The head of wine for the “urban sanctuary” that is Sessions Arts Club and contributor to Noble Rot magazine tells Douglas Blyde about fishy photography, a distrust of aubergines and the pleasure of bathing…
What is a memorable recent bottle?
Four of us (all in our mid-20s) went out to dinner the other day and we brought an amazing bottle of 1955 Vallana Spanna. When our lovely waitress opened it she asked if it was any of our birth-year wine, which was brilliant but quite alarming.
Who inspired you to enter the world of gastronomy?
My grandma had me cooking with her since I could stand and my mother was an inimitable host – I just wanted to be like them. My paternal grandfather is a chef and my grandmother ran the hotel they lived and worked in. It came at me from all angles.
How do you apply your degree in Liberal Arts and Sciences to hospitality?
A liberal arts degree just asks you to be interested in things – that’s the application. Apathy kills.
Describe your list?
A collaboration overseen by Keeling Andrew & Co. I’m just the woman on the ground figuring out what works. The restaurant was set to open two years ago (at the start of the first wave) so we’ve spent the first few months just running down old stock and trying to find out what’s best for Florence’s food. It’s a work in progress, but my real standouts would be the wines we list from I Custodi – they were one of the first things I added to the list and they both work beautifully with the menu.
What areas are you likely to expand?
This year I’d like to focus the list more – look deeper into France and Italy and expand our offering from the early 2000s. Less breadth, more depth.
What is the most idiosyncratic and personal listing?
La Stoppa ‘Vino del Volta’. It’s a classic, non-classic-classic sweet, not-too-sweet, delicious perfect wine, and the only dessert wine I know which I could finish a bottle of on my own.
Where is the wine stored?
In a prep kitchen – it is equal parts charm and chaos.
How does the setting of the Grade II listed, art-rich building influence the enjoyment of wine?
There are a few things that I don’t think would be on the list without the building – the half bottle of LBV Port is one of them: a little nod to the judges who dined in the room before we did.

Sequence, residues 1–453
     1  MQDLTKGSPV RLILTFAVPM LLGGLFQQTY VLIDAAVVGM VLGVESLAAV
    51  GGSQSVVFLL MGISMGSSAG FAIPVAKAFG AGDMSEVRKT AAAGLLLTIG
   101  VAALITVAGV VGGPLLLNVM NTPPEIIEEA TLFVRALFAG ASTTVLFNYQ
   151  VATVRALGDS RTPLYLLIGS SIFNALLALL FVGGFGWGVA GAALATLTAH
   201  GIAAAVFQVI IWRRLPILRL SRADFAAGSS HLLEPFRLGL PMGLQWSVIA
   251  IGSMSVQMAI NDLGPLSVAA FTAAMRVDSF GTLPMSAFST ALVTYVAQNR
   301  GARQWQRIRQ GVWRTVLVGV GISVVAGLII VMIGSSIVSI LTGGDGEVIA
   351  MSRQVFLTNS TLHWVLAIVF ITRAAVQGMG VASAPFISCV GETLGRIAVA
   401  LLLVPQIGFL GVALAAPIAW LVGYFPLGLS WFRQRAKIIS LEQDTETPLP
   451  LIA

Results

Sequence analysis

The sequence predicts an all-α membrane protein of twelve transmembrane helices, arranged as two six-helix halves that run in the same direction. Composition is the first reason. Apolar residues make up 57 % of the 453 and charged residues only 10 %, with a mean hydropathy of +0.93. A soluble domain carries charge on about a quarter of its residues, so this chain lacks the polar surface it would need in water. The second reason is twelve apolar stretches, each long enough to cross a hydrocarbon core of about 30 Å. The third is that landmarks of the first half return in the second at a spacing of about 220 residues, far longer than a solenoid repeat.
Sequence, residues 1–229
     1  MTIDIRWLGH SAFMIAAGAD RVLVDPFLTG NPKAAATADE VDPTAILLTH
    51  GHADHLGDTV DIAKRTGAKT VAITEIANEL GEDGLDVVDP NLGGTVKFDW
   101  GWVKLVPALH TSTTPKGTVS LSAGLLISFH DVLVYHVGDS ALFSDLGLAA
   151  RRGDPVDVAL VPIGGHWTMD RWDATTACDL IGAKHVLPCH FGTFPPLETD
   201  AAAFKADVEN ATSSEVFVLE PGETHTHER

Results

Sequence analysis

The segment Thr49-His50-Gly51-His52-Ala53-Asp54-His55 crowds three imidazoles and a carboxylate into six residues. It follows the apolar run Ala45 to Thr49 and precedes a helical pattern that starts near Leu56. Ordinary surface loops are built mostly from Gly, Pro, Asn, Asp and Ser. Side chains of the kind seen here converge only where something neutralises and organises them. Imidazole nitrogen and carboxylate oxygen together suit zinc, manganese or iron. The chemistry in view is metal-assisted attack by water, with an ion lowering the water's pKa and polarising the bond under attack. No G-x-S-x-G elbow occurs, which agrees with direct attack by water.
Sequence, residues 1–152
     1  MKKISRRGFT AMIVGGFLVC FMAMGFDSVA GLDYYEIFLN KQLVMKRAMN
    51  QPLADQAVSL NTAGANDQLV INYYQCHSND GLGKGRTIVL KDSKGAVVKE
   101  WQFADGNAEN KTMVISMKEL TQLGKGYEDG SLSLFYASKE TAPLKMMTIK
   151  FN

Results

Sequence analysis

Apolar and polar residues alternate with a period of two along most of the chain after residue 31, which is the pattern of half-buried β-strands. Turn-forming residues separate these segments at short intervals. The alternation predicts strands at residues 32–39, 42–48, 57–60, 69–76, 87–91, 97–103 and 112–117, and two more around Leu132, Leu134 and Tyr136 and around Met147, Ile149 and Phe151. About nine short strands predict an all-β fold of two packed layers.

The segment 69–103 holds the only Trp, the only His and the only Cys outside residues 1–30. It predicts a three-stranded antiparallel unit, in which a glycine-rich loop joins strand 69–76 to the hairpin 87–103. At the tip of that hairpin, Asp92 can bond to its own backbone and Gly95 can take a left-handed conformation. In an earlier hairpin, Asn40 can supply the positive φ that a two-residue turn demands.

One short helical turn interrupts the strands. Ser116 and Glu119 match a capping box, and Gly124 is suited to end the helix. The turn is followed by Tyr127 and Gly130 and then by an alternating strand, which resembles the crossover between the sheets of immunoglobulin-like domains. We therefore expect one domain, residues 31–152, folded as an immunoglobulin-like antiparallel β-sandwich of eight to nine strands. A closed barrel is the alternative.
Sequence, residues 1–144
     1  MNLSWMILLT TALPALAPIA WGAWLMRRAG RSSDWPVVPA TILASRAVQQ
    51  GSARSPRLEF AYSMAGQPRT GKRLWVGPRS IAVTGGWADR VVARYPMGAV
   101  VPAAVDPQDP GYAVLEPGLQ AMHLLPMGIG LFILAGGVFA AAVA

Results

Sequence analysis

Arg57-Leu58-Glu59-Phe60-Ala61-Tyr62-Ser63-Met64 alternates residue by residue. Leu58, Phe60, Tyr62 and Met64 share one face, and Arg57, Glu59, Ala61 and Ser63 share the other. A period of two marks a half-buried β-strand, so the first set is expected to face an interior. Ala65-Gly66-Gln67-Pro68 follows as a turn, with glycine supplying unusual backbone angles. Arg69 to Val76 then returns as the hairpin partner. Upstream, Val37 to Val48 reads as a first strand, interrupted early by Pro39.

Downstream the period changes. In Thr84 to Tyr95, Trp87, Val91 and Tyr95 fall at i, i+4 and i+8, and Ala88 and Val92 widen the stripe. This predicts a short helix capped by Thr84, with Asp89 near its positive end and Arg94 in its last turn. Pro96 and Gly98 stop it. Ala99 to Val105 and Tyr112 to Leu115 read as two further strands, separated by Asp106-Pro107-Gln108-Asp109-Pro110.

What has been a sublime wine match with a dish by head chef, Florence Knight?
The chocolate tart has been on the menu since the beginning, as has the Argyros Vinsanto. It’s not just the sweetness and acidity of the wine that works with the tart but also the texture and even the colour. A perfect pairing.
What does Florence enjoy drinking?
I think she’d say Champagne. So would I, and so would our GM, Thamsin.
What ingredient never passes your lips?
Aubergines. Fibrous oily sponge food.
What is the “dead fish erotica” mentioned on your Instagram (@molly.pepper.steemson)?
I started taking photos of fish at work and at fishmongers quite a few years ago. Then I started bringing it home and putting them on the internet. Fish out of water – slimy, beautiful, gross. I love that it’s someone’s job to arrange a display of fish first thing in the morning.
Are you still a DJ?
I feel like I abandoned all my extra-curriculars in the face of the restaurant opening. Seems like time I start getting them back.
Tell us something else surprising about yourself?
I don’t shower, I bathe. At least one bath a day. Sometimes two.
What is the most moving piece of music you’ve ever heard?
It has to be country, probably Gillian Welch’s “Look at Miss Ohio” or any song from Emmylou Harris’ “Red Dirt Girl”. The last Schubert piano sonata always gets me without fail. I love a sad song. Lou Reed’s “Sad Song” – that’s a sad song.
What would you do if you suspected someone ordering a costly bottle wouldn’t be able to foot the bill?
Sunrise or sunset?
Vodka, tequila or baijiu?
Tequila? If pushed? But whisky, really.
What is the most beautiful thing you’ve ever seen?
Somewhere along the southwest coast path – the Atlantic and the cliffs and the rolling hills and windswept trees are pure drama.
Where would your fantasy vineyard be?
Piedmont – good food, delicious wines, not too far from the rest of Europe.